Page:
###### 3.1.1. Initial Solution Set Generation

It is supposed that we have a set of *N*_{So} solutions and each solution is represented by *S*_{n}*,* where *n* = 1, …, *N*_{So}. Each solution *S*_{n} in the current set (i.e., population) must be within its upper and lower bounds, and . In the first step, *S*_{n} is randomly produced bywhere and are the lowest and highest boundaries of the *n*th solution *S*_{n}. The three solutions are defined as follows:where and are the minimum and maximum values of the *h*th control variable and *H* is the number of control variables for each solution.

Each obtained *S*_{n} is evaluated by using fitness function . From the obtained fitness values, three main terms need to be determined including:(1)Fitness_{Best}: The lowest fitness value.(2)Fitness_{Worst}: The highest fitness value.(3)*S*_{Best}: The best solution with the lowest fitness value.

###### 3.1.2. New Solution Generation Technique

SMA has one newly produced generation for each iteration as PSO and DE. However, each update time of SMA can use two options, searching solutions nearby the so far best solution and searching around each current solution, while that of PSO and DE only searches around each current solution. The update technique of SMA is expressed bywhere is the *h*th variable of the new solution ; *x*_{h,Best} is the *h*th variable of the best solution; and *x*_{h,rnd1}, *x*_{h,rnd2} are the *h*th variable of the first and second randomly selected solutions.

In addition, other parameters including , and are also determined by

###### 3.1.3. Correction Technique

Correction technique is always applied in metaheuristic algorithms to fix the violation of control variables, which have been newly produced by using Eq. (15). Each new control variable is compared to its lower and upper limits, and then, it will be redefined as follows:

Finally, the new solutions are evaluated by calculating fitness function .

###### 3.1.4. Selection Technique

Selection technique is applied to retain good control variables and abandon bad control variables for the next generation in the next iteration. In addition, the fitness values are also compared to retain better ones and eliminate worse ones. The equations of the technique are formed as follows:

##### 3.2. Modified Slime Mold Algorithm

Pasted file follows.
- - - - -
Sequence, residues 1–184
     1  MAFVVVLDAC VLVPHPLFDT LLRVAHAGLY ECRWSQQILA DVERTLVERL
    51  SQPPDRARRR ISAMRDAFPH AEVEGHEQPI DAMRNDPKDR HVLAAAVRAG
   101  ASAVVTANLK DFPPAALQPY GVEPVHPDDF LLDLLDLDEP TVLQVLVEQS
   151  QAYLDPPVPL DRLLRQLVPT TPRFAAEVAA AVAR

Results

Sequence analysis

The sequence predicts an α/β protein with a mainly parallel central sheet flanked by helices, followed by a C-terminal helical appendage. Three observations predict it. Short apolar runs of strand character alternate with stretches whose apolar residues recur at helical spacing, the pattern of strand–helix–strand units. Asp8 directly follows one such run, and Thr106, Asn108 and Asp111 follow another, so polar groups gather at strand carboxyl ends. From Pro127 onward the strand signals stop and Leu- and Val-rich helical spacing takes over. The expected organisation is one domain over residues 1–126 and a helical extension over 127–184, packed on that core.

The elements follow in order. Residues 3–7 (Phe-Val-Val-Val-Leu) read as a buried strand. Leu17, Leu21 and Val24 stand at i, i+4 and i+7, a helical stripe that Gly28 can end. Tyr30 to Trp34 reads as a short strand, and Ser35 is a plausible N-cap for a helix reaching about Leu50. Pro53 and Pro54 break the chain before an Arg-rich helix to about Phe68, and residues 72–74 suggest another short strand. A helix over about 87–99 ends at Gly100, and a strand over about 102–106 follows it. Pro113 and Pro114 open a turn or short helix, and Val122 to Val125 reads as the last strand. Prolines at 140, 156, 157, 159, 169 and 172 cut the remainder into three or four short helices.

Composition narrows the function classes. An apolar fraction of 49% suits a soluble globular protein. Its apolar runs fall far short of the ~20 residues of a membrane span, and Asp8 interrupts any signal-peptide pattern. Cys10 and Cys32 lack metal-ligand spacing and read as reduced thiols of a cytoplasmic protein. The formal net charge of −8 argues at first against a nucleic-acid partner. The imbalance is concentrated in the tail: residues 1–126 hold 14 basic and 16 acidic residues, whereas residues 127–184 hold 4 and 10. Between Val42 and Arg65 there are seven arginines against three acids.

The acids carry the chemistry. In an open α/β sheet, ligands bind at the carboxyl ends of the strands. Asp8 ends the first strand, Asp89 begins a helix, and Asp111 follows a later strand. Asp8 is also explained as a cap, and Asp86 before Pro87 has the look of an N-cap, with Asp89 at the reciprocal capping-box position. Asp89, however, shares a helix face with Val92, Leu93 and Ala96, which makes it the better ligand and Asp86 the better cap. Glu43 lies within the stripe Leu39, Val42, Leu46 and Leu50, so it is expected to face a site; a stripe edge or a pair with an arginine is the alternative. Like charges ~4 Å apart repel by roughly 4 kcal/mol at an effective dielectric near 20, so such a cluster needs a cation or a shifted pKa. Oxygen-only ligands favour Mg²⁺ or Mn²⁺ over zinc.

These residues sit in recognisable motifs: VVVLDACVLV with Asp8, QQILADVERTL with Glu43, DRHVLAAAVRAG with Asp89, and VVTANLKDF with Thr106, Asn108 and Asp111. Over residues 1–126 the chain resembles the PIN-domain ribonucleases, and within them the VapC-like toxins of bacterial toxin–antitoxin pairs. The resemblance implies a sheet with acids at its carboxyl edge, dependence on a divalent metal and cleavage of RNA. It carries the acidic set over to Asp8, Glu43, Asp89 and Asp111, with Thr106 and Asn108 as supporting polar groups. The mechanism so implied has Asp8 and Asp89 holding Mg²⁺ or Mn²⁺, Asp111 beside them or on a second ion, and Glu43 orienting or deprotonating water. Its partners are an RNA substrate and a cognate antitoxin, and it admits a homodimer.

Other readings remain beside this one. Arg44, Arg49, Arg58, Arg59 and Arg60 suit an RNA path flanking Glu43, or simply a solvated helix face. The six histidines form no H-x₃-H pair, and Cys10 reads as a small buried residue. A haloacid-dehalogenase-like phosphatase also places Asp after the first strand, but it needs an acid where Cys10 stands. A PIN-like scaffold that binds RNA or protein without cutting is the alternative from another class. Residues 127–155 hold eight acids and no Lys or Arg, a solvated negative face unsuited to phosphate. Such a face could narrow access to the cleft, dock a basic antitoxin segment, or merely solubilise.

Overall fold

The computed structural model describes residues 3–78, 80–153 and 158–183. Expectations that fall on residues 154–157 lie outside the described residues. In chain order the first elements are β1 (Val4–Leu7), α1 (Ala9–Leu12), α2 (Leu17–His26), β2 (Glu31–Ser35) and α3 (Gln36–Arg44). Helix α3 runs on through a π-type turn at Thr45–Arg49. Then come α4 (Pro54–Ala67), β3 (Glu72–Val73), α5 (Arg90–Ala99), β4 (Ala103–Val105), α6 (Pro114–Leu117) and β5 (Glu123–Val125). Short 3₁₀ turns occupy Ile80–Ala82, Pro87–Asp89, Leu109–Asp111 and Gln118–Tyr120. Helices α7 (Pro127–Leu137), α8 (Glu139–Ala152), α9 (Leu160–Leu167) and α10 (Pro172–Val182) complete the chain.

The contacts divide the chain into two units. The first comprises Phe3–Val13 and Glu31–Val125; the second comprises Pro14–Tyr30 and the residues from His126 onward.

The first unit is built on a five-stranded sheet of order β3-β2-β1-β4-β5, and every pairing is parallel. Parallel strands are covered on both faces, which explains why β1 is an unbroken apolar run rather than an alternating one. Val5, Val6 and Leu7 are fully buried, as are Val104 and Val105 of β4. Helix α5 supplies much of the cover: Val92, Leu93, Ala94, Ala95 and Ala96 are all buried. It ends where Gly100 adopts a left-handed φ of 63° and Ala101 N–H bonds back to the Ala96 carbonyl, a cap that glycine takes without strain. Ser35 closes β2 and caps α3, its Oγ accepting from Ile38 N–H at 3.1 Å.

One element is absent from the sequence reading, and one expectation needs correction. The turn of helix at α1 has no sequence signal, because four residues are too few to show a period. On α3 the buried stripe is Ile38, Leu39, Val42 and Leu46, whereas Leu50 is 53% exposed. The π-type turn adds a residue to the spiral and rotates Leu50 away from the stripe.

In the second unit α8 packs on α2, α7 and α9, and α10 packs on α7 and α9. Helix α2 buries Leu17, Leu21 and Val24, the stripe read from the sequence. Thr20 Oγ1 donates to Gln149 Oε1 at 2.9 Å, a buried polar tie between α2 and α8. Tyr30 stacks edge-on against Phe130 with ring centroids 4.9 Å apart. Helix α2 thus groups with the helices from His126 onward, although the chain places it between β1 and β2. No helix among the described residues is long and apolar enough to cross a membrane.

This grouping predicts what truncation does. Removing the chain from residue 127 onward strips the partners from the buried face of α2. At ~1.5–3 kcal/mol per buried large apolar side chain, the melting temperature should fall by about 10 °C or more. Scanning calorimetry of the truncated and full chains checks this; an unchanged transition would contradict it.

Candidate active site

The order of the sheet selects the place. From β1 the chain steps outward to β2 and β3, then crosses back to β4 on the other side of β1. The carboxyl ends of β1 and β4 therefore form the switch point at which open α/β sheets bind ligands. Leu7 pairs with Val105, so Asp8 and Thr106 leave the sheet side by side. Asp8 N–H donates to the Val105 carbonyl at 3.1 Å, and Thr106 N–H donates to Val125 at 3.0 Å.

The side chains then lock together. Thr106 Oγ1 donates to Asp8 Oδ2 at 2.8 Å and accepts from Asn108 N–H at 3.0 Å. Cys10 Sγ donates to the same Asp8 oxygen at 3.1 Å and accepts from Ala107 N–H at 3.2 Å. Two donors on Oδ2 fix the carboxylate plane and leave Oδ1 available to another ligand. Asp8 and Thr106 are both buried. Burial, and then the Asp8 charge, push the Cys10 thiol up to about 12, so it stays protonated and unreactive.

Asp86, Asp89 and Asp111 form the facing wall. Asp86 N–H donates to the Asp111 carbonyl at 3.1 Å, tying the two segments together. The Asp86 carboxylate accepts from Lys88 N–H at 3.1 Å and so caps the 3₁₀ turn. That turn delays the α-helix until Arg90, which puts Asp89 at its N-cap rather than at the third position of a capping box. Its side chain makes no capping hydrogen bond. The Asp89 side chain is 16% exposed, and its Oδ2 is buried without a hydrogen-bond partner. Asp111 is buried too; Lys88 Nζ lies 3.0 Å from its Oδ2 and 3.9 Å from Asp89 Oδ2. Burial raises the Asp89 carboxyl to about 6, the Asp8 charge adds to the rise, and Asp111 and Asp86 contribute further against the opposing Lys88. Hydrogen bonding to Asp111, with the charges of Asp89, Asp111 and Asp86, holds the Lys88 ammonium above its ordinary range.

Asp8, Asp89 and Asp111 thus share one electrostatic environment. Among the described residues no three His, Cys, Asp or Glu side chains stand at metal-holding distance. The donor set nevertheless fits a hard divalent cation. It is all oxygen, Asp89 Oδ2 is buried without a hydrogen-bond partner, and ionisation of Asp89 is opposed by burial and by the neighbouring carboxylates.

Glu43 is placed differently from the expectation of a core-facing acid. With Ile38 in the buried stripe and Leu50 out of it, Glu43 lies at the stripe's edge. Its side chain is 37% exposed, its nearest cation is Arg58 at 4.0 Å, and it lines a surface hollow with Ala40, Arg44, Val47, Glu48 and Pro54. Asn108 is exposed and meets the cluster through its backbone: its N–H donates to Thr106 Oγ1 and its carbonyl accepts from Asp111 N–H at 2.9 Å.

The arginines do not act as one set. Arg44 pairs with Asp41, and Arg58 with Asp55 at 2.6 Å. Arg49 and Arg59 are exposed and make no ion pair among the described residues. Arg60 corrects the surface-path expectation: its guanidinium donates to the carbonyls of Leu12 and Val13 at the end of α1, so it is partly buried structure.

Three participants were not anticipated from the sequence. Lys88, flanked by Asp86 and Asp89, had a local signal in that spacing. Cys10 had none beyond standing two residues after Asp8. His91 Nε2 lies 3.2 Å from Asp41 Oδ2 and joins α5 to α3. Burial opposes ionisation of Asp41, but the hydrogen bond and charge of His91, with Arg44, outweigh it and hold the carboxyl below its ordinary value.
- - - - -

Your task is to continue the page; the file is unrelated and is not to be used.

In MSMA, we propose to apply modifications to the new solution generation techniques with the intent to improve the performance of global and local search techniques that are not effective in the conventional SMA. The modifications are explained and carried out as follows.

###### 3.2.1. Modification of Global Search Technique

As shown in Eq. (15), the global search technique of SMA is carried out by using the first model, . However, is a function of current iteration and maximum iteration number in Eq. (16) and it tends to be close to zero as the current iteration is coming to the maximum iteration number *G*. To see the decrease of to zero, we have plotted upper bound and lower bound and in Figure 2. In the figure, we use *G* = 100. It is clear that is very close to zero at final iteration and it is zero at . So, the first model of Eq. (15) makes become very tiny and to be zero when moves to *G*. Therefore, the first model is not useful for the problem of determining the location and size of PGs and SCs. Locations can be from 2 to 33 for the IEEE 33-node system, to 69 for the IEEE 69-node system, and to 85 for the IEEE 85-node system. In addition, the size of PGs and SCs can be from 1 kW to 1000 kW or higher than 1000 kW. To overcome the shortcoming of SMA, MSMA uses another model as follows:

In the formula above, is the *h*th variable of one out of the top four best solutions in the current population. We take the ideal of using the top four best solutions from EO [47].

###### 3.2.2. Modification of Local Search Technique